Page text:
Tips and tricks *Nix

A collection of quick-and-dirty tricks to do things with the standard command line tools in *Nix and cygwin. I am copying stuff here as I use these snippets regularly so this is a central repo for the ageing brain.


When using ``git`` on the Windows Subsystem for Linux (WSL) there are a few tricks to keep WSL recognising credentials stored on the M$ Windoze side of things (esp when your company runs single sign on services). I am using CMDER as terminal, which ships with a Git for Windows option. To make this work I've used the tutorial on the M$ WSL site and Craig Loewen:

git config --global "Your Name"
git config --global ""
git config --global credential.helper "/mnt/c/<PATH_TO_YOUR_INSTALL>/cmder.1.3.17/vendor/git-for-windows/mingw64/libexec/git-core/git-credential-manager.exe"


Loop through a list of data, providing special cases depending on input data.

inData=( data1 data2 data3 )  # This generates an iterable list of items
for theData in  ${inData[*]}; do
    case "$theData" in
  • Using set -x prints a + before each executed command in a bash script via
  • Only display output from ls which does NOT match an expression: ls | grep -v '\.xml$'
  • Using seq -w 00 55 produces formatted output with leading zeros - ie 00 01 02 03


Here's the GAWK manual, for reference…

Print unique lines based on column (from Stackoverflow)

awk -F, '!seen[$1]++' Input.csv

Filter column-based text file:

awk '{ if ($4 == "TheString") {print $0 } }' INFILE > OUTFILE

Pass variable from bash into awk (Stackoverflow)

This is the best way to do it. It uses the -v option:
(P.S. use a space after -v or it will be less portable. E.g., awk -v var= not awk -vvar)
variable="line one\nline two"
awk -v var="$variable" 'BEGIN {print var}'
line one
line two
# --- Multiple vars
# This should be compatible with most awk and variable is 
# available in the BEGIN block as well:
awk -v a="$var1" -v b="$var2" 'BEGIN {print a,b}'

Convert a GMT file into a csv file which can be processed by ogr2ogr, meanwhile adding some attributes.

awk -v url="${someurl}" -v r="$another" -v au="$au" 'BEGIN{OFS=","} {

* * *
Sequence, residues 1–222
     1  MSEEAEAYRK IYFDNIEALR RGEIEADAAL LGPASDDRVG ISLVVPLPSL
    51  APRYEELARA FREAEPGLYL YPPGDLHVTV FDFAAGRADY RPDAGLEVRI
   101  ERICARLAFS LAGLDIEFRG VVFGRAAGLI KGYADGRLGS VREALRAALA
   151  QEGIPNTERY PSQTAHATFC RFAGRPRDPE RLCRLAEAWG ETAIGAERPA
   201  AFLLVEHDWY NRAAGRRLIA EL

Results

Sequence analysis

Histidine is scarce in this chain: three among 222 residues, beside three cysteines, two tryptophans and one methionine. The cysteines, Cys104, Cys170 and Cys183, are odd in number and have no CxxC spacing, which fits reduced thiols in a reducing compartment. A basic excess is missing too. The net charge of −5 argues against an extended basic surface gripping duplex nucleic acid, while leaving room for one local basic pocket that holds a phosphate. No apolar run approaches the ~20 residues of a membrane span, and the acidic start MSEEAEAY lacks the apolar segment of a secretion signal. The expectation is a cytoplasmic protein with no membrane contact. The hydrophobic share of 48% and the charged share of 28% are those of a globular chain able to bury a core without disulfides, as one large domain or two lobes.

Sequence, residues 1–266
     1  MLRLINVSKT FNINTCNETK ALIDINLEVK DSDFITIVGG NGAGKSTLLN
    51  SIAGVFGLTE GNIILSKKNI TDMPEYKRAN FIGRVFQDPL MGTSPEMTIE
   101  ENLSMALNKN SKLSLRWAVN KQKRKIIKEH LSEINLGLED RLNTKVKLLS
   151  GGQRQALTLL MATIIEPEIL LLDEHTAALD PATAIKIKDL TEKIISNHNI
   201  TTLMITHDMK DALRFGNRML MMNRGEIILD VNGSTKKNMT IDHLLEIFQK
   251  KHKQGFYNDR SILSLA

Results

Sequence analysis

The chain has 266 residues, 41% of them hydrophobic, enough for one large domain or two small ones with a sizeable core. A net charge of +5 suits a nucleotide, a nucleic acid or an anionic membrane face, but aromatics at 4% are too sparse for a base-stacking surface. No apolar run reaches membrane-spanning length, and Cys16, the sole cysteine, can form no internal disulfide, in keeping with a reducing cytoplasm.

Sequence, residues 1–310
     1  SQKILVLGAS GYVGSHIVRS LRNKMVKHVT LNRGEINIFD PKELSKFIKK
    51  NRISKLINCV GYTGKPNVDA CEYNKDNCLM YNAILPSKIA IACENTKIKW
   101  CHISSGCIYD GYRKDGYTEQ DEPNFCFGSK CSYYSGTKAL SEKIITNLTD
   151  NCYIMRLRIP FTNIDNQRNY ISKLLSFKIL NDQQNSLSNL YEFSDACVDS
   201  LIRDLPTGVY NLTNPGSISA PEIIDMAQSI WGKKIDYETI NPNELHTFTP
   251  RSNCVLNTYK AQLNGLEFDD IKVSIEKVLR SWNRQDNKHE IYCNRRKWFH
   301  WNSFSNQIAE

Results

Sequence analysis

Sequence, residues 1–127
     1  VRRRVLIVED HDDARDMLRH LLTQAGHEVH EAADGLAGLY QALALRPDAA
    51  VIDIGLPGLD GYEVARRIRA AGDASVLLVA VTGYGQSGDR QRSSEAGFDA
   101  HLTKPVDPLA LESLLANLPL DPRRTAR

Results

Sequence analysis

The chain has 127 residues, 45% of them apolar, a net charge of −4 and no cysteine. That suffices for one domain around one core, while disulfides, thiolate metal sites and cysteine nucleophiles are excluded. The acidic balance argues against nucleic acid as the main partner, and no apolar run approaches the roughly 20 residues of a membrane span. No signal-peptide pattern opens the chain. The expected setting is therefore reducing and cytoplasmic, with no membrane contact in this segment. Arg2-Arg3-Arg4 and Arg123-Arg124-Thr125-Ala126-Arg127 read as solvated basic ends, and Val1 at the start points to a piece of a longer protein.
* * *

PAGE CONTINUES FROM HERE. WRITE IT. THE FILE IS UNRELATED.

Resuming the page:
if (/^>/) split($5,a,"-") split($NF,b,"=")
  printf("%03d,%s,%s,%s,%s/%s_MyOutput_%03d.png,%s\n", a[3], $1, $2, b[2], url, r, a[3], au )}' ${v}/${v}_somedata.dat >> tmp.csv

Removing/adding whitespace

Sometimes one just wants to remove linebreaks in a file and have all data on one line (e.g. as input for a a “for loop”:

echo $(<file.txt) | tr -d ' '

If the troff part of the expression is removed, then the echo just pads with a space (from Stackoverflow

Using tr to replace spaces with tabs:

tr -s '\t' '\t' < INFILE > OUTFILE

Interrogating EBDIC Headers of SEGY files

When trying to plot SEG-Y files with GMT one needs to have knowledge about the data. Using Unix's dd command, one can interrogate the EBDIC header:

 dd if=$1 conv=ascii ibs=3200 count=1 | awk 'BEGIN{RS="C[0-9 ][0-9]"}{printf "C%2d%s\n",NR,$0}'


Image manipulation

Sometimes it is necessary to quickly manipulate an image sequence for movie generation etc. ImageMagick/GraphicsMagick provide a command line based way to crop/scale/resize images.


for i in *.jpg; do echo $i; magick $i -crop NewXwidthxNewYwidth+xoffset+yoffset ${i/*.jpg/*_mod.jpg/}; done

Optimize PDFs

iOS allows to scan documents using your phone and generate a PDF out of it. These files are, however, not optimized and quite large. To generate smaller files, Ghostscript can be used, with different. Via StackOverflow's software recommendations

gs -sDEVICE=pdfwrite -dPDFSETTINGS=/printer -dCompatibilityLevel=1.4 -r75 -dNOPAUSE -dQUIET -dBATCH -sOutputFile="output.pdf" "input.pdf"

Ghostscript has a variety of presets (

-dPDFSETTINGS=/screen   (screen-view-only quality, 72 dpi images)
-dPDFSETTINGS=/ebook    (low quality, 150 dpi images)
-dPDFSETTINGS=/printer  (high quality, 300 dpi images)
-dPDFSETTINGS=/prepress (high quality, color preserving, 300 dpi imgs)
-dPDFSETTINGS=/default  (almost identical to /screen)

Reset the shell

At some stage I accidentally used ``curl`` instead of ``wget`` resulting in a bunch of wild binary stuff being passed on to the shell, resetting the bash configuration. Turns out that I am fortunately not alone and one can reset the console codes to their defaults using:



Unison is a fantastic tool to synchronise directories on multiple computers, like a desktop or server and a laptop. I have been using Unison now for a couple of years after using

It seems that some of the Apple Security Updates change/alter the machine settings in places such as /etc/ssh/ssh_config. This then results in unison (which is run over ssh) then to complain that the path cannot be found. The remedy is make sure that in /etc/ssh/sshd_config (note the d!) the following parameter is set to: PermitUserEnvironment yes